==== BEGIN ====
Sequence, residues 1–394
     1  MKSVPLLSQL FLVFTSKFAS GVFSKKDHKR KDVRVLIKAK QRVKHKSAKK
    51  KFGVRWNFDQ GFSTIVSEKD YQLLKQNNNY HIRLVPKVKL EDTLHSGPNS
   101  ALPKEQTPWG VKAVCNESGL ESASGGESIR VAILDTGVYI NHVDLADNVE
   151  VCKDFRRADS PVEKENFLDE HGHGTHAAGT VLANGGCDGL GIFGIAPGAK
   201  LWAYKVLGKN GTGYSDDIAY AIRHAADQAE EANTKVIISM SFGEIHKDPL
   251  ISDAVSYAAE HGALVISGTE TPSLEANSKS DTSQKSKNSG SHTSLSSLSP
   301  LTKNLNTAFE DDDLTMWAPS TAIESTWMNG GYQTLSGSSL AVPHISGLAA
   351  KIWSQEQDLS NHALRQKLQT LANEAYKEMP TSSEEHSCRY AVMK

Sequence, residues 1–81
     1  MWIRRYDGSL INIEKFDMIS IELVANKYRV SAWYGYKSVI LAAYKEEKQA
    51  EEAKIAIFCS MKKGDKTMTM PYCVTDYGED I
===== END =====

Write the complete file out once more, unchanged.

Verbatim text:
Sequence, residues 1–394
     1  MKSVPLLSQL FLVFTSKFAS GVFSKKDHKR KDVRVLIKAK QRVKHKSAKK
    51  KFGVRWNFDQ GFSTIVSEKD YQLLKQNNNY HIRLVPKVKL EDTLHSGPNS
   101  ALPKEQTPWG VKAVCNESGL ESASGGESIR VAILDTGVYI NHVDLADNVE
   151  VCKDFRRADS PVEKENFLDE HGHGTHAAGT VLANGGCDGL GIFGIAPGAK
   201  LWAYKVLGKN GTGYSDDIAY AIRHAADQAE EANTKVIISM SFGEIHKDPL
   251  ISDAVSYAAE HGALVISGTE TPSLEANSKS DTSQKSKNSG SHTSLSSLSP
   301  LTKNLNTAFE DDDLTMWAPS TAIESTWMNG GYQTLSGSSL AVPHISGLAA
   351  KIWSQEQDLS NHALRQKLQT LANEAYKEMP TSSEEHSCRY AVMK

Sequence, residues 1–81
     1  MWIRRYDGSL INIEKFDMIS IELVANKYRV SAWYGYKSVI LAAYKEEKQA
    51  EEAKIAIFCS MKKGDKTMTM PYCVTDYGED I